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Verizon will pre-install a version of Skype Mobile on nine Blackberry and Android handsets. This partnership puts a nice little crack in the wall between traditional telcos and internet telephony providers, who have redefined what it means — and should cost — to make a phone call. But the full promise of mobile internet telephony is still a ways off (though perhaps only a few more weeks).
The integration of Skype mobile does give Verizon one huge advantage — you can now receive internet calls spontaneously on a standard handset — but it falls far short of an implementation that would unleash the full power of Skype on a mobile device.
And it isn’t really internet telephony at all: Skype calls are routed through Verizon’s network, you can’t receive calls placed to your online numbers, you can’t use Skype (and its cheaper calling plans) to place calls to other telephones. Skype on Verizon doesn’t even work under Wi-Fi, where Skype sort of lives.
Still, it’s a bold maneuver by Verizon that would seem to benefit the original internet telephony upstart even more. Exposing people to the idea that you can use the internet to make and receive free and dirt-cheap phone calls — that you don’t need expensive calling plans and contracts — could be madness. Or, it could be a brilliant way of managing an inevitable shift that eluded other industries to their peril. In a way, this is just a continuation of the trajectory that saw telcos tack hard to wireless when it was clear the landline business was cratering.
As a technical matter, internet telephony — VoIP, or Voice over Internet Protocol — has been around for decades. But as a full-throated option it only came into its own with the explosion in broadband five years or so ago. And in the last couple of years, VoIP has become a standard part of consumer services offered by cable and satellite dish companies piping internet, television and voice into homes.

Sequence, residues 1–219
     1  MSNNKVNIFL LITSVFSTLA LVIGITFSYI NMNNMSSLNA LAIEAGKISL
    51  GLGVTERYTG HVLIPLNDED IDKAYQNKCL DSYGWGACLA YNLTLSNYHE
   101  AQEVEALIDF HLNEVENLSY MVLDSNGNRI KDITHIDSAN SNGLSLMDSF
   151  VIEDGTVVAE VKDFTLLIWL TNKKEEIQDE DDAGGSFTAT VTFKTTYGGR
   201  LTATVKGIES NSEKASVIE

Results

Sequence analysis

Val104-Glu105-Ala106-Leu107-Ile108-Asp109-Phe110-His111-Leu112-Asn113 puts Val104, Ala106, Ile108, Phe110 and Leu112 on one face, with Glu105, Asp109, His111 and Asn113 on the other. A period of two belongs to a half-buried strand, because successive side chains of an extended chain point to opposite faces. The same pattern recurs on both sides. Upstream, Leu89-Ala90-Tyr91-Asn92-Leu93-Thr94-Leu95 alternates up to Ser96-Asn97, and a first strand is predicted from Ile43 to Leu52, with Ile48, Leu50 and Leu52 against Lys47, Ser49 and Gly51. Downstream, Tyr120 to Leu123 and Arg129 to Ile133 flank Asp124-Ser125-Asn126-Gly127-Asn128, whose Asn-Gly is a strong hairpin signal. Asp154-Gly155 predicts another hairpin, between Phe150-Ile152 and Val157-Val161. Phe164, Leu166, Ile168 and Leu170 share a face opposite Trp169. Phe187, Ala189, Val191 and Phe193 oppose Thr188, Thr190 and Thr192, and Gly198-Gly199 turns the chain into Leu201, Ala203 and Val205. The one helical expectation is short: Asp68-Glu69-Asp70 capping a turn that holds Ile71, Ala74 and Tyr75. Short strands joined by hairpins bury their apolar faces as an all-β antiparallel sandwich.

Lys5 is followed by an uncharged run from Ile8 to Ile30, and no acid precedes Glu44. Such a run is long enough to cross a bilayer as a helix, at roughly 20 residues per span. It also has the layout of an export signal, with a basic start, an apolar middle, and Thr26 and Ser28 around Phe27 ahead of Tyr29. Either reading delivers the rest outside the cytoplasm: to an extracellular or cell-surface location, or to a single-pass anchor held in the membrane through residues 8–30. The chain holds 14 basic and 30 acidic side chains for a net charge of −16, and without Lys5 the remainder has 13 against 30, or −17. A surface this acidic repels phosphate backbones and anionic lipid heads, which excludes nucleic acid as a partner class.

So people are used to it. Now, with the explosion of smartphones, more people will likely start asking: Since the phone is just an app anyway, why does it have to be such a darn expensive one?
Skype is in the middle of all this. Anyone can have a free Skype account and use it to make and receive free calls with anyone else who has Skype account. With the basic service, you are not a unique number, but a unique name that others can list as a contact and also SMS and instant message. This is the basic tier of Skype that Verizon has brought to its handsets (well, minus the SMS part, too).
And since the Android and Blackberry operating systems allow apps to run in the background, the phone knows when someone is trying to call you using Skype, which mimics the experience of leaving your computer on and Skype running.
On the iPhone, it isn’t nearly as pretty. Skype can’t run in the background. That’s not a big deal when you want to make a call, but it’s ugly when you want to receive one. Ordinarily, people make arrangements using another medium to make a Skype appointment — exit the spontaneity Verizon has introduced.
But on the iPhone app (which does not require Wi-Fi, but can use it), you have full access to whatever Skype bells and whistles you have paid for. That might include (as it does for me) two online numbers that people can call from any phone — not just a computer or other device that runs Skype — and that display as your caller ID. That might also include a calling plan that lets you use Skype to call any number in the United States and Canada for $30 — a year. Using the Fring iPhone app, you can even take part in a (sort of) Skype video call; the video is one-way since the iPhone doesn’t have a front-facing camera (yet?).
So, we seem to still be a ways away from the perfect situation for customers: Skype being able to have whatever customer relationship it wants on whatever mobile device that customer has. For iPhone — and soon iPad owners — it would require a change in the OS that would allow third-party apps to run in the background. For Verizon, it would require allowing Skype to provide an app that, on the handsets it markets, isn’t crippled.
This may happen sooner than later. If the reports of Apple’s iPhone HD are accurate, then third-party multitasking will be part of OS 4. That could make the iPhone the more compelling Skype delivery system — but wait: The other part of those reports is that Apple is now making a phone for Verizon, too.
Would Apple and AT&T allow Skype to run roughshod on the latest version of the iPhone? Would Verizon allow Skype to be a feast on one of its smartphones, and a merely a snack on the others?

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